new translation of a classic Schmitt text, reviewed:
    “Carl Schmitt. _The Concept of the Political_. Translated by George Schwab. Chicago: University of Chicago Press, 2007. xxxi +126 pp.
    Table of contents, foreword. $15.00 (paper), ISBN 0-226-73892-2.
    Reviewed for H-German by Robert D. Rachlin, Vermont Law School
    A New Chicago Edition of Carl Schmitt’s Seminal Work
    Carl Schmitt (1888-1985), the so-called “crown jurist of the Third Reich,”
    articulated a vision of politics dominated by the distinction between friend and enemy. For Schmitt, this distinction was not merely an attribute of the political. It was foundational; it served as a prerequisite, the condition _sine qua non_ of the political, which, in turn was a logical precursor of the state. This key concept is declared in the first sentence of _The Concept of the Political_: “The concept of the state presupposes the concept of the political” (p. 19). This foundational work is now available in an “expanded edition” from University of Chicago Press.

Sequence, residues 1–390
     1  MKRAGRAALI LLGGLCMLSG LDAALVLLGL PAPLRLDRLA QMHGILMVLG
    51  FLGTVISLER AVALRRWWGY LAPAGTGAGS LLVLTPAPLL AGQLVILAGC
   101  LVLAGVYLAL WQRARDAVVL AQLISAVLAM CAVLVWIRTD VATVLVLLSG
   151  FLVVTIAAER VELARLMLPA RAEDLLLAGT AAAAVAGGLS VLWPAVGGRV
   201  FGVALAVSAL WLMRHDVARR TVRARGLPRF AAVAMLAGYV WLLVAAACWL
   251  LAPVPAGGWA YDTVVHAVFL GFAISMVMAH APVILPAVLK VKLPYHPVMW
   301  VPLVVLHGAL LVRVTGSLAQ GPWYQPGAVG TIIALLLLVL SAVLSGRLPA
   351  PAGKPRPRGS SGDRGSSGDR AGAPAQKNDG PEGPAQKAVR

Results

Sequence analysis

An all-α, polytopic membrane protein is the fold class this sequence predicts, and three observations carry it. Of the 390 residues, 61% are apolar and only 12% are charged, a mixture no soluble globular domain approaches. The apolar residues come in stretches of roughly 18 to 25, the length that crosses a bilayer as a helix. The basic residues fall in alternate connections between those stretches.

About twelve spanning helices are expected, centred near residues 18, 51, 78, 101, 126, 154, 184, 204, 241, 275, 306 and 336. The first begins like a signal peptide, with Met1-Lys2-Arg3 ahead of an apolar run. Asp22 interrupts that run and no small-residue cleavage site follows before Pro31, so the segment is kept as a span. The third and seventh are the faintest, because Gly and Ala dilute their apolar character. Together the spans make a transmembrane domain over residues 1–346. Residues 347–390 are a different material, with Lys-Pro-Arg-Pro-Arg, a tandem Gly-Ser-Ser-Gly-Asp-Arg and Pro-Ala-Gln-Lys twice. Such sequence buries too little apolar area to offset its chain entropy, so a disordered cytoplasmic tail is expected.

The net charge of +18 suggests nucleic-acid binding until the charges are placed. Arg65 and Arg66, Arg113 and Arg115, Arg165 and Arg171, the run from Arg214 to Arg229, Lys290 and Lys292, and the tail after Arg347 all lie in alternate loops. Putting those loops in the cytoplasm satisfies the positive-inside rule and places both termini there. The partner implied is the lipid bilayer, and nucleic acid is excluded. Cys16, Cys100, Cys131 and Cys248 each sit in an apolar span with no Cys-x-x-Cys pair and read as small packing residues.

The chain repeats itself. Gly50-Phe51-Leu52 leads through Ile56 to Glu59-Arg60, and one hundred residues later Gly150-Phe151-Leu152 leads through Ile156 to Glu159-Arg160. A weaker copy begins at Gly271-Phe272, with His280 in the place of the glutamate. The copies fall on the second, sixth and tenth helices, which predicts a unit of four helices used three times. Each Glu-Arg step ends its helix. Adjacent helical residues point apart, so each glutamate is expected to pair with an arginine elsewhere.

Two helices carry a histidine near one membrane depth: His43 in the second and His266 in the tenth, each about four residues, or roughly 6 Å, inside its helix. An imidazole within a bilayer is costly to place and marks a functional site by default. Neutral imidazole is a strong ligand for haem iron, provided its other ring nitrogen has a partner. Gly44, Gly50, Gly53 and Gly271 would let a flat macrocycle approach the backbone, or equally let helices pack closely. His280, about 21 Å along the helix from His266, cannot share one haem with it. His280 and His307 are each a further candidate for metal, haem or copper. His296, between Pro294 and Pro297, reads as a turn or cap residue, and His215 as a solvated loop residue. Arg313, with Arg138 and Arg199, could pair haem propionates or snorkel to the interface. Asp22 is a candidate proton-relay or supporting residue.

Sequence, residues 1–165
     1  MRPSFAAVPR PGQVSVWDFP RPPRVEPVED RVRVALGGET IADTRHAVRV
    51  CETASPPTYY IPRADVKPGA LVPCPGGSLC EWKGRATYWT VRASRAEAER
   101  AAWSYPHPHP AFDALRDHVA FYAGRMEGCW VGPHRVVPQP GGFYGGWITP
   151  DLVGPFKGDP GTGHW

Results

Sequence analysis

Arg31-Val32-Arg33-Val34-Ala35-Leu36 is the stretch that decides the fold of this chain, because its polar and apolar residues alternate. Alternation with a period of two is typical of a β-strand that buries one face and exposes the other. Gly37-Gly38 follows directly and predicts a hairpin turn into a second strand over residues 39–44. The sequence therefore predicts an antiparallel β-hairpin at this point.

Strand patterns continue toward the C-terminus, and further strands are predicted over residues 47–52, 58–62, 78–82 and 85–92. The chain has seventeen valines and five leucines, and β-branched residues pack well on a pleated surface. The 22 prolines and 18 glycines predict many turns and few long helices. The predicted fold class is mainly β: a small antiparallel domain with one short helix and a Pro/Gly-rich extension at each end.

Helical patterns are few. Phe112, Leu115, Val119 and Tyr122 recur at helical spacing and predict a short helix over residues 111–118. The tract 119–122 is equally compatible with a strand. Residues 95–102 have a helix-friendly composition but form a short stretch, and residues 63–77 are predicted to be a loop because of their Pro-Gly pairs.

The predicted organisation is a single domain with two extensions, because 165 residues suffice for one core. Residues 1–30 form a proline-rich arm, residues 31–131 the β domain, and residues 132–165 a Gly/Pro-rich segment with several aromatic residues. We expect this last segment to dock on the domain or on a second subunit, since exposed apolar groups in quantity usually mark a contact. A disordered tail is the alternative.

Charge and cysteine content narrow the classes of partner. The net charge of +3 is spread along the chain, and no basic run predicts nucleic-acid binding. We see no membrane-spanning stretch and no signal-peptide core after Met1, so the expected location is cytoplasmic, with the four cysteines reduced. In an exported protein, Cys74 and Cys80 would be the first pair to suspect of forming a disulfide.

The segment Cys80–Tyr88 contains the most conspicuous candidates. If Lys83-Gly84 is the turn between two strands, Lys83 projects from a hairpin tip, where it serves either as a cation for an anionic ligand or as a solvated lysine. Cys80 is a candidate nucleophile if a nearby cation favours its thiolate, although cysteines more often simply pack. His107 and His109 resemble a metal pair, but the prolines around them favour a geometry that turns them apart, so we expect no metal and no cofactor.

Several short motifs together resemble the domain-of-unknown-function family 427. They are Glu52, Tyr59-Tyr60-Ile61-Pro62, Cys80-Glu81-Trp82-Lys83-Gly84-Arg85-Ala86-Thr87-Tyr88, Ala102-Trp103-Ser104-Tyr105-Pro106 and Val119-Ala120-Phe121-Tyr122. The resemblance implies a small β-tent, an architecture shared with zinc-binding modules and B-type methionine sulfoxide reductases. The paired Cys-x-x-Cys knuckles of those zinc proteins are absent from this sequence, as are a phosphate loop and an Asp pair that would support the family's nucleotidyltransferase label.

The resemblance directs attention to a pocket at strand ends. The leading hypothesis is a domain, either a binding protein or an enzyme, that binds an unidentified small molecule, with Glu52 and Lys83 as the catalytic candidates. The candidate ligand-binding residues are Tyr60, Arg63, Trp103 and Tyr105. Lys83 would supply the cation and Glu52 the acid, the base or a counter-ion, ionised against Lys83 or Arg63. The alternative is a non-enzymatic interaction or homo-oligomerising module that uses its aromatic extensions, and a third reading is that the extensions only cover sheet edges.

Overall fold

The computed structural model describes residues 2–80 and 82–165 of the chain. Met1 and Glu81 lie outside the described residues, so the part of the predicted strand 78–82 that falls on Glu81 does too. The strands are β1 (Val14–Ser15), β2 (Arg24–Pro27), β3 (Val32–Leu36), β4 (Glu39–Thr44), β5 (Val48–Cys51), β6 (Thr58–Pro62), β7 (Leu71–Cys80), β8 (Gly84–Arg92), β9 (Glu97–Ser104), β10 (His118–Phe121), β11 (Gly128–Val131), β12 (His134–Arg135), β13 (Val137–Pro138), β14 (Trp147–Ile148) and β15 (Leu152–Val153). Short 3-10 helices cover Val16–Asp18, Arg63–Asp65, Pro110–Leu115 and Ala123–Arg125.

Readers are likely to bring to it not only questions about its status as a justification for National Socialism and as a reflection of the many contradictions in Schmitt’s life, but may not be able to avoid making connections between his thought, the increasingly authoritarian nature of democracies, and events in contemporary politics. For Leo Strauss, whose comments on Schmitt are included in the book, Schmitt’s critique of liberalism was itself “in the horizon of liberalism” (p. 122). Readers are challenged by the work, and indeed by Schmitt’s life, to decide this matter for themselves.
    The division of the world into allies and opponents is likely to resonate with many readers; it also squared conveniently with the notions of the National Socialists. Schmitt was, of course, not the first to understand the political utility of the friend/enemy antithesis. From Cato the Elder to the Crusaders, from the American demonization of the “Hun” to their criticism of “godless communism,” extending to Islamicist use of the term “the Great Satan,” moments of crisis lend urgency to such characterizations. As Oren Gross and Fionnuala Ní Aoláin have noted, “counter-terrorism measures often actively produce and construct a suspect community. One is either with ‘us’ or with ‘them.’ There is no middle way.”[1] For Schmitt, however, the idea of the enemy was more than an instrument of politics or policy. It was antecedent to the very existence of the state.